The second edition of the widely used text, Statistics for Experimenters by Box, Hunter, and Hunter maintains the original’s classic coverage of the fundamentals of the design and analysis of experiments. However, it has been given a facelift incorporating many new topics that will be of interest to readers both in statistics and in other scientific disciplines. As was true with the first edition, only knowledge of elementary mathematics is required for the reader — no previous statistics background is necessary (although basic statistical methods are covered fairly quickly).
The book is accessible to a wide variety of audiences and would be appropriate for advanced undergraduates and beginning graduate students alike. The first three chapters are devoted to getting the reader up to speed with basic probability distributions and inferential statistics. Beginning with chapter 4, the authors delve into the analysis of experimental data. Factorial and fractional factorial designs are covered in depth in the following four chapters. Split-plot designs, variance components, and error transmission are covered in chapter 9. The origins of experimental design and least squares estimation are discussed in chapter 10.
Later chapters are largely devoted to coverage of new areas that have gained in popularity subsequent to the first edition. Development of robust product and process design using split plot arrangements and minimization of error transmission are discussed. Graphical ANOVA methods, computer analysis of complex designs, and response surface methods are also new topics that are given considerable attention. Special discussion of data transformations is incorporated as well. The final chapters give the reader a background in process control, forecasting and time series, and Bayesian approaches to model selection and sequential experimentation.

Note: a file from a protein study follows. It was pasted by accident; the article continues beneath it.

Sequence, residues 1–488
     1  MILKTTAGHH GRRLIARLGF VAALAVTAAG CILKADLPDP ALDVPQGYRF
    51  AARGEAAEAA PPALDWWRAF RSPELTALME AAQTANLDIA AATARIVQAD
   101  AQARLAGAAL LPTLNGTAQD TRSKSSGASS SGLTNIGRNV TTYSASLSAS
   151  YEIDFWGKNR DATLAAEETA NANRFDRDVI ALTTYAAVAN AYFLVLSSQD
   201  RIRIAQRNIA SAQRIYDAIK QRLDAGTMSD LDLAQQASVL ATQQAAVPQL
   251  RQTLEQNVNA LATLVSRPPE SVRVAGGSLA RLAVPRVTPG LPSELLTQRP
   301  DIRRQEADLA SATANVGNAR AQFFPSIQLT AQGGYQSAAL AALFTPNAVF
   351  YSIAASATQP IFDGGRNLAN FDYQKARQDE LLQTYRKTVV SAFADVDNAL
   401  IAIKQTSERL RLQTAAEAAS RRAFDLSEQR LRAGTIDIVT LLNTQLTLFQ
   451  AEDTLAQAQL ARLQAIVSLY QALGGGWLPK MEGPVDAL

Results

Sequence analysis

The computational aspects of the procedures described in the book can all be implemented with R or most other common statistical software packages. The book does not provide many explicit code examples, which allows users to read it without being bound to a particular package.
The text contains many excellent examples from a variety of disciplines with worked-out solutions to most. The end-of-chapter exercises are similarly diverse and thought provoking and give instructors an excellent resource for assessing student understanding.
In summary, Statistics for Experimenters 2e remains one of the essential books in experimental design and analysis. Readers will appreciate the timeless presentation used by Box, Hunter, and Hunter as well as the range of new topics that are covered. Buying the second edition is absolutely worth the effort for anyone who currently has the first edition and who wants to stay current on experimental design innovations, or for those who wish to begin to explore the field for the first time.
Liam O'Brien teaches at Colby College in Waterville, ME.